Squash blossom quesadillas, or “quesadillas de flor de calabaza”, are a delightful treat that combines delicate edible flowers with the vibrant traditional flavors of Mexican cuisine.
Table of Contents
Are Squash Blossoms Edible
Have you ever wondered if squash blossoms are edible?
They are and they’re super delicious!
Flor de Calabaza or Squash Blossoms
In Mexican cuisine flor de calabaza, or squash blossoms in English, are often used in making quesadillas.
There are so many edible flowers out there, and sadly many of us aren’t even aware of them. Like did you know that there are many types of edible roses? We are surely missing out on lots of deliciousness.
In Mexican cuisine we use squash blossoms in quesadillas, stuff them and make soups with them too.
The other popular edible Mexican flour you may know is flor de jamainca, or hibiscus flower, and not only make an agua fresca it but use it as a vegan meat.
But today let’s talk about and enjoy delectable flor de calabaza inside of an ooey gooey quesadilla.
How to Harvest Squash Blossoms for Eating
If you have a summer vegetable garden make sure to plant some zucchini. You can use the blossoms for so many recipes.
When zucchini blossoms are harvested it’s always the male flowers which are chosen.
The male flowers pollinate the female ones in order for the females to produce their fruit, or zucchini in this case. If you grow your own zucchini and can tell the difference between them you can harvest the males and use them in any culinary need.
Where to Buy Flor de Calabaza (zucchini blossoms)
If you don’t garden don’t worry because you can find zucchini blossoms at farmers markets, specialty stores and at Mexican food stores.
The summer season is when they’re more readily available. Usually they are inexpensive. But of course this depends on where you live and how good the harvest was.
If you’re lucky to be visiting Mexico also look for them in the late autumn to early winter months.
What do Zucchini Blossoms Taste Like
Flor de calabaza (or zucchini blossoms) are very delicate and they have a mild earthy taste. It can be described a bit like the earthy flavors of other greens.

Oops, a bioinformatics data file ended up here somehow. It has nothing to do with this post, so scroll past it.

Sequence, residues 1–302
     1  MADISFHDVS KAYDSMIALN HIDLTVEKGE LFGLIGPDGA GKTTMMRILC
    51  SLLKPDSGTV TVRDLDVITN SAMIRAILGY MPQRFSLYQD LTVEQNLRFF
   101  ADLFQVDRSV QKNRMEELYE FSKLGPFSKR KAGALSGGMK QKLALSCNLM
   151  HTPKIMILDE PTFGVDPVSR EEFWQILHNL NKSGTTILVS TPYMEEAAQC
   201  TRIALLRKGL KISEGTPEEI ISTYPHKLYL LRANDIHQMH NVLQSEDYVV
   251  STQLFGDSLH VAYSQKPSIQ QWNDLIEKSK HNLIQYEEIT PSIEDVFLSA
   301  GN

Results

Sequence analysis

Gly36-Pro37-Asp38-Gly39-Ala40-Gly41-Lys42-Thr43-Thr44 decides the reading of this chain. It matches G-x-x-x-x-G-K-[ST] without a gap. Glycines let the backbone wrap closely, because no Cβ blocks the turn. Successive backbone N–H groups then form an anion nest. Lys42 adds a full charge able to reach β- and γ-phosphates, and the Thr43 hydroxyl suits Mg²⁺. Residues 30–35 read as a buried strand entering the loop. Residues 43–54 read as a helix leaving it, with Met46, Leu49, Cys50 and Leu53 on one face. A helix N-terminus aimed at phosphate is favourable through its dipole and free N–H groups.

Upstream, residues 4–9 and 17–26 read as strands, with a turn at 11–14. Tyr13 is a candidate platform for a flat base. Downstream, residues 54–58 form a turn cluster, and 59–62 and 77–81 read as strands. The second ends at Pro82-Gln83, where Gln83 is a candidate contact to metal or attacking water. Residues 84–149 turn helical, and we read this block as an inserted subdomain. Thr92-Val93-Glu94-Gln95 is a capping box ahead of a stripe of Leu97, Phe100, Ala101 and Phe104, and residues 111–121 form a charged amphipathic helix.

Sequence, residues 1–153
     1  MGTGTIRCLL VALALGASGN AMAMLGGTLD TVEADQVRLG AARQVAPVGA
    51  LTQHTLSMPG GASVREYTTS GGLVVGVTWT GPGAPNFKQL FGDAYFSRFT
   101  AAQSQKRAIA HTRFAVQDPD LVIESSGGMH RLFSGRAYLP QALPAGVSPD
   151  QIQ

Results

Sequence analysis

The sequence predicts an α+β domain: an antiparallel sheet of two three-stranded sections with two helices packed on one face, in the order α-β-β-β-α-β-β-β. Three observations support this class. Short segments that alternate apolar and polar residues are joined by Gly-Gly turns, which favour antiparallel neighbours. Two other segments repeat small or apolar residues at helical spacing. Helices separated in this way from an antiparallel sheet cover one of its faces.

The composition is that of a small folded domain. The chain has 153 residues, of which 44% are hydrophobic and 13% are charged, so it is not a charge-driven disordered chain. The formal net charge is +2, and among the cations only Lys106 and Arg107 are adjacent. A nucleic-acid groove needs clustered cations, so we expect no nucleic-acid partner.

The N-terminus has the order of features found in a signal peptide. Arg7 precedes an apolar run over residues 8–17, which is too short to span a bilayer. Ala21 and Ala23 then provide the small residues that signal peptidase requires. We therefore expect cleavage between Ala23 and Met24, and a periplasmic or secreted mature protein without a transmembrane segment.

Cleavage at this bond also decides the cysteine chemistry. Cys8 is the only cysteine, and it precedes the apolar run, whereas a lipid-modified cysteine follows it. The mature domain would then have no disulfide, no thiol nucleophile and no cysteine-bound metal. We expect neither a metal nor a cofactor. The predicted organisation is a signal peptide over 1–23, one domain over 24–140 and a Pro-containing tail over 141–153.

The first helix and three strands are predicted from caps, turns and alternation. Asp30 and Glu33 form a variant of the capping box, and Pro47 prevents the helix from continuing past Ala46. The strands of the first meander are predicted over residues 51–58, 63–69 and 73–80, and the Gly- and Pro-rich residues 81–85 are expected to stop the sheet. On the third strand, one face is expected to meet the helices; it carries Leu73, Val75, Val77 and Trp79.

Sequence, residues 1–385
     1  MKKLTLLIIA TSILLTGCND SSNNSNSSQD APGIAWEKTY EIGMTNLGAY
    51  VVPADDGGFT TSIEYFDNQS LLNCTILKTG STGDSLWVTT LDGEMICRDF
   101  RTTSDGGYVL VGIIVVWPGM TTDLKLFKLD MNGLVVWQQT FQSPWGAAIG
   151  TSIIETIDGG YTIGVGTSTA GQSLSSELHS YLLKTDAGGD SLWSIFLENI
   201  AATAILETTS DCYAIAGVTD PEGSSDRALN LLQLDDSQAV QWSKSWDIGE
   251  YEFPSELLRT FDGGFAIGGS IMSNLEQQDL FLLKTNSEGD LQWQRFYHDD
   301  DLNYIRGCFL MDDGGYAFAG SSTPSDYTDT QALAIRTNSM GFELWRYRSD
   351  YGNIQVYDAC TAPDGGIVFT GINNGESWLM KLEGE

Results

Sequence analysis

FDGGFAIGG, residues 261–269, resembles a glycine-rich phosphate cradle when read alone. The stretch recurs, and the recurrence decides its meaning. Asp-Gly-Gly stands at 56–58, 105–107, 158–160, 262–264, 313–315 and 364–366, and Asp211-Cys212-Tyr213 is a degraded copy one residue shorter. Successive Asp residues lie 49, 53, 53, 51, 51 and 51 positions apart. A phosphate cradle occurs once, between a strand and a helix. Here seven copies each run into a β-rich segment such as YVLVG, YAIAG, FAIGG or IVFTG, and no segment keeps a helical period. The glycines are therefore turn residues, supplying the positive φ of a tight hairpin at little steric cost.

That so-called earthiness pairs perfectly with cheese and many other ingredients.
How to Prepare Flor de Calabaza for Eating
Before you can eat squash blossoms they need some preparation. Below is my guide on how to prep zucchini blossoms to eat in any of your favorite dishes.
These flowers are very fragile and I highly suggest not taking them out of the fridge until right before using. Also, try to cook them the same day they were purchased.
Grab one blossom and very carefully begin to rip off the little furry green stems that go all the way around the blossom.
Now ever so gently rip the blossom down towards the stem, use your fingers to rip it off and separate it from the stem and the center bud that holds the pollen.
Discard the stem and set the separated blossom aside, repeat until all of the flowers have been prepared.
Rinse them under slow running water. Then place on top of paper towels to drain off all the excess water. Once dry chop, the blossoms into large even-sized pieces and set aside until ready to use
How to Make Squash Blossom Quesadillas
To make squash blossom quesadillas you can use either of the following two methods.
Quesadillas de Flor de Calabaza with Masa Dough
To make the tortillas you can purchase masa or corn dough from your local tortilleria. Or you can of course also make your own masa using a bag of Maseca. You can use white, yellow or even blue corn masa. It really doesn’t matter.
So the difference here is that you first need to buy or prep the masa, make the tortillas then proceed with making your quesadilla. These types of quesadillas are definitely more flavorful, but they require more time.
Squash Blossom Quesadillas The Easy Way
The easiest way to make zucchini blossom quesadillas is using corn tortillas you already have in your fridge. Then it’s just a matter of heating it up, melting cheese on to it, then adding the flor de calabaza.